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Since, therefore…we have explored the depths of divine knowledge, we are obliged to carry out in fullest detail what the Master has commanded us to do at stated times. He has ordered the sacrifices to be offered and the services to be held, and this not in a random and irregular fashion, but at definite times and seasons. He has, moreover, Himself, by His sovereign will determined where and by whom He wants them to be carried out. Thus all things are done religiously, acceptable to His good pleasure, dependent on His will. Those, therefore, that make their offerings at the prescribed times are acceptable and blessed; for, since they comply with the ordinances of the Master, they do not sin. Special functions are assigned to the high priest; a special office is imposed upon the priests; and special ministrations fall to the Levites. The layman is bound by the rules laid down for the laity. — from Epistle to the Corinthians, 40.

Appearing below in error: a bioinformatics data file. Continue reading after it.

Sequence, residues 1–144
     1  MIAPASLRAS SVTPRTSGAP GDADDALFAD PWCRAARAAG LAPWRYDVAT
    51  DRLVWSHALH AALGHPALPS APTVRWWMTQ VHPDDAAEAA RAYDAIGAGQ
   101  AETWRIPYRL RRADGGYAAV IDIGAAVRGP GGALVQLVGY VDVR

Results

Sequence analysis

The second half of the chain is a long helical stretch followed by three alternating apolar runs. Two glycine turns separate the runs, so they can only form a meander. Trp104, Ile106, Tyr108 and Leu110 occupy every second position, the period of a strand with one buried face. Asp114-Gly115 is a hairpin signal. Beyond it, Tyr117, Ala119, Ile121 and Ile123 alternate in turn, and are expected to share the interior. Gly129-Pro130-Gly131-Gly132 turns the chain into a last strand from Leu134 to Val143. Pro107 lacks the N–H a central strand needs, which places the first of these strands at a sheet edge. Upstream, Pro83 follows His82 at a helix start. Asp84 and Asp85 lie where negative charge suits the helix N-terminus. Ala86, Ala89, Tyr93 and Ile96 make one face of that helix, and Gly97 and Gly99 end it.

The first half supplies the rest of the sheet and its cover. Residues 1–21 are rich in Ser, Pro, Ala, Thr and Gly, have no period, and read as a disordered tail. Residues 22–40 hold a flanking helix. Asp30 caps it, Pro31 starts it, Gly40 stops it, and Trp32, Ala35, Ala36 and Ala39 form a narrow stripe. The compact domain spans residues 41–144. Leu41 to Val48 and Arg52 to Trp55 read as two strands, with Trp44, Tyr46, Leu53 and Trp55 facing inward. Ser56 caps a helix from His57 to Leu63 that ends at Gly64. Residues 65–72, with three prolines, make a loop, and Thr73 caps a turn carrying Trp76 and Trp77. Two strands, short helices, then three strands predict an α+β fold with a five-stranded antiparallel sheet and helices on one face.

St. Clement I (circa 96 A.D.) is the fourth pope and the first apostolic father of the Catholic Church. While little is known about his life, his Epistle to the Corinthians is the earliest piece of Christian writing outside the New Testament and has been a touchstone for Christian sects because of the lucidity and simplicity with which it communicates the faith. It is also the earliest evidence that the Church hierarchy of laity (a term coined by Clement) — deacons, priests, and bishops — was already well established by the time he was writing.

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